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Data Exploration

Data Exploration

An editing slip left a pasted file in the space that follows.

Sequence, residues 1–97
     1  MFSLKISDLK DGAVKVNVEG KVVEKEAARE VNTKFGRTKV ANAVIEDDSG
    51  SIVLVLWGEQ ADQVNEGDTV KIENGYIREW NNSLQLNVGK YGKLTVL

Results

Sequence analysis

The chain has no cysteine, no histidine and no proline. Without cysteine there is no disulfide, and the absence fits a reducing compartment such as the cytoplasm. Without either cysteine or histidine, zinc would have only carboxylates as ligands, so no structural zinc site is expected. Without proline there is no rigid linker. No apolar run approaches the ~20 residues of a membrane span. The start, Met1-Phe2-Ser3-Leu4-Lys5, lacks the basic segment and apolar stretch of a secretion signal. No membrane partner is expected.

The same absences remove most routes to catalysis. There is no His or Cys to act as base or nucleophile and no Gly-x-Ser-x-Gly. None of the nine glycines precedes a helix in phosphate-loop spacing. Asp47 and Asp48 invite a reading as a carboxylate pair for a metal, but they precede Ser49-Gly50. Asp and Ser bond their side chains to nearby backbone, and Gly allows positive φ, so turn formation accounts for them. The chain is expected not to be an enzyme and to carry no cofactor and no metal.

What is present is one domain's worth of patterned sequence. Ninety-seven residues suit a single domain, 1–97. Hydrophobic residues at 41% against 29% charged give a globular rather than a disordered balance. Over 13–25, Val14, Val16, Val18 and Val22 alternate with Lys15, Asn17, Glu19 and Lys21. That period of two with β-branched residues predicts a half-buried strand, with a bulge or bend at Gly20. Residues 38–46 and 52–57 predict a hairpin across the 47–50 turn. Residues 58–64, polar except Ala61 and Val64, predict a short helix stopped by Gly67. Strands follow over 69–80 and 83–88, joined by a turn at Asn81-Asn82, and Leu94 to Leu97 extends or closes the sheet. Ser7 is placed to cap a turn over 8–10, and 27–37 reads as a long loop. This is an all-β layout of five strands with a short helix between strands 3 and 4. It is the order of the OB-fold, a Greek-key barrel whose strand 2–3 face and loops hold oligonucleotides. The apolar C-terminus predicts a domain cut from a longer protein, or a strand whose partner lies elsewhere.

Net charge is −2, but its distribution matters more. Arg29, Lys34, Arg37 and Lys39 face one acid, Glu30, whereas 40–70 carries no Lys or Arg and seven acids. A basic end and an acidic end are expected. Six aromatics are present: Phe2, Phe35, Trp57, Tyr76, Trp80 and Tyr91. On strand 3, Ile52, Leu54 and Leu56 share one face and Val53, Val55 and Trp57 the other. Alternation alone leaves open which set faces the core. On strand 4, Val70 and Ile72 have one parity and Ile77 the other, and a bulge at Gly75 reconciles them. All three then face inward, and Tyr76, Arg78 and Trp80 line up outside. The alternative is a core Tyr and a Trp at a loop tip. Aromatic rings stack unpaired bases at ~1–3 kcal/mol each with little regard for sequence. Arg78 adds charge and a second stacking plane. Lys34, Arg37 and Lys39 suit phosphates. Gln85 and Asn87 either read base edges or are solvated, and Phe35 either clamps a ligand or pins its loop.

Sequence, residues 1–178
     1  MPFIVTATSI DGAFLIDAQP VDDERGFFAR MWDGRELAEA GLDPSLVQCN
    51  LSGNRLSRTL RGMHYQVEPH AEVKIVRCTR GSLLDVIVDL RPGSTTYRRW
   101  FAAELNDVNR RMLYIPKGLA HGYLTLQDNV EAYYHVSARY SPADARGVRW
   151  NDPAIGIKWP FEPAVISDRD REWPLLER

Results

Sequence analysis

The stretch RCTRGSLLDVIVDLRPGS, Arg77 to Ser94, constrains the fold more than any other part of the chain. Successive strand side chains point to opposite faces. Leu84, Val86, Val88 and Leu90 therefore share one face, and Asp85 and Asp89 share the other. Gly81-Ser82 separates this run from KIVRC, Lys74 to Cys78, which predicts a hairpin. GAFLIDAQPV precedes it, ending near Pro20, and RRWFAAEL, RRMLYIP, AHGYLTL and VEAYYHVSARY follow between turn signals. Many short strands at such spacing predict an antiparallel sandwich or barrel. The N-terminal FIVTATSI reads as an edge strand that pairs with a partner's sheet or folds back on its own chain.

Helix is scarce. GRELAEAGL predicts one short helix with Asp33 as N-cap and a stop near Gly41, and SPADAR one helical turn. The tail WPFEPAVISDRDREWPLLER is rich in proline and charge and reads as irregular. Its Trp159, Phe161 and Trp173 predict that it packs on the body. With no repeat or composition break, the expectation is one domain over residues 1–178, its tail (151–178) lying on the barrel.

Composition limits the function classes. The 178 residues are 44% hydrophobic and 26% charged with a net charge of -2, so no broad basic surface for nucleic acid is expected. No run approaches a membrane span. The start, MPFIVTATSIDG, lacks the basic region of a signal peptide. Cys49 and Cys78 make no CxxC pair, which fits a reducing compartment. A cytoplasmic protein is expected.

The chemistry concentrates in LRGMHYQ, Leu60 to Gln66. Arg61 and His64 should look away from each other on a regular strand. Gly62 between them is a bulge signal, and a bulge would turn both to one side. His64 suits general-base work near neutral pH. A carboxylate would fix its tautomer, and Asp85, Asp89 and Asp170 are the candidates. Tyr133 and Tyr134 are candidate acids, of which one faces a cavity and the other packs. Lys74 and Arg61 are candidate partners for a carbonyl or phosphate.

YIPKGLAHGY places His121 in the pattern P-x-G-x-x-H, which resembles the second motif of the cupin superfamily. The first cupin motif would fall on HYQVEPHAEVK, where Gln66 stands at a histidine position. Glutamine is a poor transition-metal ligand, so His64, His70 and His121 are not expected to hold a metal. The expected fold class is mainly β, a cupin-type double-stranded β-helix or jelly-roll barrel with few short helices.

Data Exploration Heli Helskyaho 21.4.2016 Seminar on Big Data ManagementReferences • 1 Marcello Buoncristiano, Giansalvatore Mecca, Elisa Quintarelli, Manuel Roveri, Donatello Santoro, Letizia Tanca: Database Challenges for Exploratory Computing. SIGMOD Record 44(2): 1722 (2015). • 2 Stratos Idreos, Olga Papaemmanouil, Surajit Chaudhuri: Overview of Data Exploration Techniques. SIGMOD Conference 2015: 277281. Introduction to Data Exploration • Data exploration is to efficiently extract knowledge from data, even though you do not know what you are looking for. • Exploratory computing: a conversation between a user and a computer. – The system provides active support; “stepbystep “conversation” of a user and a system that “help each other” to refine the data exploration process, ultimately gathering new knowledge that concretely fullfils the user needs” – exploration process is investigation, explorationseeking, comparisonmaking, and learning – Wide range of different techniques is needed (the use of statistics and data analysis, query suggestion, advanced visualization tools, etc.)Not a new thing… • J. W. Tukey. Exploratory data analysis. AddisonWesley, Reading,MA, 1977: “with exploratory data analysis the researcher explores the data in many possible ways, including the use of graphical tools like boxplots or histograms, gaining knowledge from the way data are displayed”Problems and new problems • We do not know what we are looking for • Must support also nontechnical users (journalists, investors, politicians,…) • More and more data • Different data models and formats • Loading in progress while data exploration going on • All must be done efficiently and fastThe Conversation • To start the conversation the system suggests some initial relevant features. • A feature is the set of values taken by one or more attributes in the tuplesets of the view lattice, while relevance is defined starting from the statistical properties of these values. The AcmeBand example • AcmeBand, a fitness tracker – a wristworn smartband that continuously records user steps, and can be used to track sleep at nightExample conversation • (S1) “It might be interesting to explore the types of activities. In fact: running is the most frequent activity (over 50), cycling the least frequent one (less than 20)” • (S2) “It might be interesting to explore the sex of users with running activities. In fact: more than 65 of the runners are male” • (S3) “It might be interesting to explore differences in the distribution of the length of the running activities between male and female. In fact: male users generally have longer running activities”.User likes S 1 • (S1) “It might be interesting to explore the types of activities. In fact: running is the most frequent activity (over 50), cycling the least frequent one (less than 20)” • □ (Activity) Type=running • The user likes it and picks RunningThe Computer suggests S1.1 • (S1.1) “It might be interesting to explore the region of users with running activities. In fact: while users are evenly distributed across regions, 65 of users with running activities are in the west and only 15 in the south”. • □ (Location □ AcmeUser □ Activity) Type=running • The user likes it and picks South • □ (Location □ AcmeUser □ Type=running, region=south Activity)The Computer suggests S1.1.1 • (S1.1.1) “It might be interesting to explore the sex of users with running activities in the south region. In fact: while sex values are usually evenly distributed among users, only 10 of users with running activities in the south are women”. • The user likes it • □ (Location □ Type=running, region=south, sex=female AcmeUser □ Activity)How to proceed • Now the user is exploring the set of tuples corresponding to female runners in the south • He/she may – ask the system for further advices – browse the actual database records – use an externally computed distribution of values to look for relevant featuresAdding an external source • Maybe the user is interested in studying the quality of sleep and downloads from a Web site an Excel sheet stating that over 60 of the users complain about the quality of their sleep • That data will be imported to the system • the system suggests that, unexpectedly, 85 of sleep periods of southern women that run are of good quality • The user has learned something new from the dataChallenges in short • Usability • PerformanceThe Process • the system populates the lattice with a set of initial views based on tables and foreign keys • Each view node is a concept of the conversation – The table Activity is a concept ”activity” – the join of AcmeUser and Location is a concept of “user location” • The system builds histograms for the attributes of these views, and looks for those that might have some interest for the user – It may be relevant if it is different from, or maybe close to, the user’s expectations – the users’ expectations may derive from their previous background, common knowledge, previous exploration of other portions of the database, etc. • Different tests are used to define the interest (test(d,d’)) • Depending the position in the lattice the test is different • The notion of relevance is based on the frequency distribution of attributes in the view lattice.These tests could be for instance: • the twosided ttest (twotailed ttest), assessing variations in the mean value of two Gaussiandistributed subsets • the twosided Wilcoxon rank sum test, assessing variations in the median value of two distributionfree subsets • the one/twosample Chisquare test, for categorial data comparison, assessing the distribution of a subset with discrete values w.r.t. a reference distribution or assessing variations in proportions between two subsets with discrete values • the one/twosample KolmogorovSmirnov test, to assess whether a subset comes from a reference continuous probability density function or whether two subsets have been generated by two continuous different probability density functionsFaceted search • One of the techniques we just used is called a faceted search (faceted navigation, faceted browsing) • Wikipedia: ”a technique for accessing information organized according to a faceted classification system, allowing users to explore a collection of information by applying multiple filters” • In our example Activity is a facet and Running is a constraint or a facet value • The user can browse the set making use of the facets and of their values and will inspect the set of items that satisfy the selection criteria. We need Fast Statistical Operators • We also need the availability of fast operators to compute statistical properties of the data and ability to compare them • For example subgroup discovery to discover the maximal subgroups of a set of objects that are statistically “most interesting” with respect to a property of interest • critical step is a statistical algorithm to measure the difference between two tuplesets with a common target feature, in order to compute the relative relevanceThe difference between two tuplesets • Four steps that are conducted iteratively: – Sampling – Comparison – Iteration – Query rankingStep 1 – Sampling Q1 Q2 • sample tuple sets T and T to extract subsets q and q of cardinality much lower 1 2 Q1 Q2 Qi than the one of T , T , i.e., q T . i • Different sampling strategies: – sequential – random – hybridStep 2 – Comparison • Let X and X be the projections of q and q 1 2 1 2 over a specific attribute (feature). • The data in X and X can be either numerical 1 2 or categorical. • The comparison step aims at assessing the discrepancy between X and X through 1 2 theoreticallygrounded statistical hypothesis tests, of the form test (X , X ). i 1 2Step 3 – Iteration • Repeat the extraction and comparison steps M times. • At the jth iteration, a new pair of subsets X and 1 X are extracted and test (X ,X ) is computed. 2 i 1 2 • If the test rejects the null hypothesis, we stop the incremental procedure since we have enough statistical confidence that there is a difference in Q1 Q2 the data distributions of T and T . • Otherwise, the procedure proceeds to the next iteration.Step 4 – Query ranking • The difference between empirical distributions of the pairs chosen is computed using the Hellinger distance. Based on this, we can rank the tuple sets to find out those exhibiting the largest differences. Hellinger Distance: For probability distributions P = p , Q = q supported in i iƐn i iƐn n, the Hellinger distance is h(P,Q) = (1/√2)√P √Q 2Challenges for the User Interaction • The user interface should help the user to find information she/he was not aware of and to find even more information based on the information already found. • The user interface should suggest points of views to look at on the data and based on users choices suggest more points of views. • The data is in different formats, it is a large amount of different kinds of data and analyzing it takes time. • The conversation must be fluently responsive. • Not all users are IT professionals • The query result visualization to understand the data and to communicate with the exploration software would be valuableUser Interaction 1. Systems that assist SQL query formulation 2. Systems that automate the data exploration process by identifying and presenting relevant data items 3. Novel query interfaces such as keyword search queries over databases and gestural queries 4. VisualizationUser Interaction, Exploration Interfaces • Discover data objects that are relevant to the user – User modeling approaches: online classification based on relevance feedback, models built by variations of facet search techniques • Assist users formulate their exploratory queries – systems designed for users who are not aware of the exact query predicates but who are often aware of data items relevant to their exploration task or tuples that should be present in their query output • Teach users to build complex queries based on example tuples • Techniques for recommending SQL queries • For example dbTouch or GestureDB are visual tools for specifying relational queries and for processing data directly in an exploratory wayUser Interaction, Query Visualization • The role of visualization for data analytics is huge (a picture tells more than 1000 words) • visualization tools that assist users in navigating the underlying data structures • tools that incorporate new types of interactions such as collaborative annotations and searches • Query result reduction (aggregation, sampling and/or filtering operations) • Query result visualization • a novel declarative visualization language to bridge the gap between traditional database optimizations and visualizationUser Interaction, User Involvement • the relevance of an answer for a specific user – predict users’ interests and anticipations in order to issue the most relevant (possibly serendipitous) answer. – classify different notions of relevance – devise strategies to customize the system response to the user behavior – User groups (subgroups) • raises the important issue of developing intuitive visualization techniquesUser Interaction, Responsiveness • The conversation must be fluent – users will not tolerate long computing times – Fast, incremental histogram computation is a good example of a technique that can be effectively employed for speeding up the assessment of relevance in a conversation step.The PerformanceData Size • Summarizing: fully precomputing the lattice is not possible and not smart • The size of data summarized must be large enough to estimate statistical parameters and distributions, but manageable from the computation viewpoint • Data mining techniques • Histograms, presenting a histogram algebra for efficiently executing queries on the histograms instead of on the data, and estimating the quality of the approximate answers • Effective pruning techniques for the view lattice: not all nodepaths are interesting from the user viewpoint, and the ones that fail to satisfy this requirement should be discarded as soon as possible.Different Layers • the user interaction/user interface • the middleware • the database layer/engine • Each of these PLUS their combinationsMiddleware • Building various optimizations on top of the database layer/engine • Can be used to improve the efficiency of the data exploration without changing the underlying architecture • The exploration tasks are computationally heavy and can be speedup in the middleware layer with Data Prefetching (and background execution) and Query Approximation • Both of these have their challenges due to large and heterogeneous data sets.Middleware, Data Prefetching • caching data sets which are likely to be used • the tradeoff between introducing new results and reusing cached ones • the main challenge is identifying the data set with the highest utilityMiddleware, Query Approximation • The system offers approximate answers • Allows users to get a quick sense of whether a particular query reveals anything interesting about the data • Need solutions that process queries on sampled data sets to provide fast query response times • the tradeoff between results accuracy and query performanceProblems with Database Engine/Layer • Problems with both saving and retrieving the data • The way the data is stored defines the best possible ways of accessing it • We do not know what we are looking for and therefore are unable to define the ”best” way of storing • how can the architecture of database systems be redesigned to aid data exploration tasksDatabase Engine/Layer, Solutions 1. Adaptive Indexing 2. Adaptive Loading 3. Adaptive Storage 4. Flexible Architecture 5. Architectures tailored for approximation processingAdaptive Indexing • creating indexes incrementally and adaptively during query processing based on the columns, tables and value ranges that queries request • Indexes are built gradually; as more queries arrive indexes are continuously finetunedAdaptive Loading • not all data is needed – users might start querying a database system before all data is loaded – users might want to leave some parts of the data unloadedAdaptive Storage • There is no one perfect solution for storage layout for all the data. • Adaptive Storage can be used for different needs of storage layouts which will be useful since in data exploration we do not know while loading the data what storage layout is the best for that data set. • Examples – OctopusDB (a central log and Storage Views) – H O (supports multiple storage layouts and data access 2 patterns, decides during query processing, which design is best for classes of queries)Flexible Architecture • can tune the architecture to the task at hand – by having a declarative interface for the physical data layouts – for the whole engine – using organic databases to continuously match incoming data and queries • Start with a schema that is ”goodenough”, schema evolution while loading and queryingCPUs vs GPUs • Fast implementations of statistical computations over the GPU (graphics processing unit) • Dividing the workload to CPU and GPU have been given promising results • “CPU VERSUS GPU: A simple way to understand the difference between a CPU and GPU is to compare how they process tasks. A CPU consists of a few cores optimized for sequential serial processing while a GPU has a massively parallel architecture consisting of thousands of smaller, more efficient cores designed for handling multiple tasks simultaneously.” http://www.nvidia.com/object/whatis gpucomputing.htmlArchitectures tailored for approximation processing • Approximate processing is an important tool to support data exploration • An architecture where storage and access patterns are tailored to support samplingbased query processing efficiently – efficient access and updates of sampled data sets – In the DB core • DICE combines sampling with speculative execution in the same engine • Exploiting this knowledge to design new engines is one of the open challenges.Conclusion • Data exploration is about finding new information and knowledge from the data without knowing what you are looking for. Conclusion There are a lot of problems related to data exploration: 1. Nontechnical people must be able to use it and that gives high demand on the user interface. 2. We do not know what we are looking for from the data so the exploration techniques must be good and improving on every search. 3. The data is large and in various formats and data models so searching that kind of heterogeneous data fast and efficiently is not easy. • That gives challenges to all the levels: user interface, middleware and the database layer.Conclusion • The two main problems: 1. Usability 2. Performance